One day, in her face-me-I-face-you apartment, a friend offered that she used her credit card with a microfinance bank to obtain a loan, something she had always frowned at. “I collected ₦250,000 ($593) and pay ₦15,000 every week. I’ve never been there or collected it before, but I can’t sit idle, waiting for people to feed me. I’ve to do something,” she said, pausing to catch her breath. She noted that she had intended to claw her way out of the storm with palliatives from the state authorities, but none came.
Lawal Muhammed, a socio-historian with a focus on boundary disputes, told HumAngle that innocent people would always be at the receiving end of these inter-communal clashes, while there are also some who benefit.
“This is not to dispute the fact that the crises are also largely historical. But there are always political undertones, especially in the last fight between the two communities. And without the authorities rising up to these issues, it would continue to eat us up,” he said.
He is not wrong. Dauda Ajadi, 64, escaped death by a whisker. He had laid flat inside his room, away from the trouble hovering around, when his house was set on fire.
A beep from his phone and a panicked wife was what it took to jolt him awake. Before he could draw a startled breath, he said the fire had caught up with the furniture in the room. “That day, no one would have thought all hell would break loose. I got back from a meeting and decided to take a nap before going out. If not for my wife, who woke me up, I would not be here today. That moment I knew things would never remain the same for me again.”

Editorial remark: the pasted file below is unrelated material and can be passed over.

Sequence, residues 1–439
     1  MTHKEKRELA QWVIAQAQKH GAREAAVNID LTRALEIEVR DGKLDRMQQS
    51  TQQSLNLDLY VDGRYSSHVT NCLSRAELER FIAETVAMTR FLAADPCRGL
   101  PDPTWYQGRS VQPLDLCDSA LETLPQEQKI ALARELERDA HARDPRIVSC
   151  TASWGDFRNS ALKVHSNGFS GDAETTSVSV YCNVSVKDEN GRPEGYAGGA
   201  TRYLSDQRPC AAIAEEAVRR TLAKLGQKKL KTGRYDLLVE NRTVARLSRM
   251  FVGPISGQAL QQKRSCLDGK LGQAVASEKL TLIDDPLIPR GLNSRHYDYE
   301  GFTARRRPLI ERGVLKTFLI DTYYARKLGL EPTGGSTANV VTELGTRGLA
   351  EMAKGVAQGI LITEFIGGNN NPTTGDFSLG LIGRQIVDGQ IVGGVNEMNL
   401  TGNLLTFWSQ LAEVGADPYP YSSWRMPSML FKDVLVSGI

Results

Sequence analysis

“We were able to slip through the window and couldn’t even save a pin from the house. My son was working on wedding dresses at the time. Kola nuts that I stored in the house and my wife’s savings, everything ended up in flames,” he added as a fresh wave of grief engulfed him.
Ajadi walked tiredly down the passage of the house that now bears the scars of one of Nigeria’s deadly crises. “I was able to rebuild the house to this level only because people have been kind to me since the incident happened. It has never been this violent between the two communities,” he stressed.
The researcher, Muhammed, argues that when there’s a life-threatening boundary issue like this, the state government, which owns land resources according to national laws, should acquire the disputed land for projects that benefit the communities involved. “Why then should the state look on while people are being killed and slaughtered?”
Adam asked similar questions. He also wants a second shot at life.
“I want to be there for my children. I’m the only one left to take care of them since their mother died a year before the incident. Those were my last words to the guys, too.”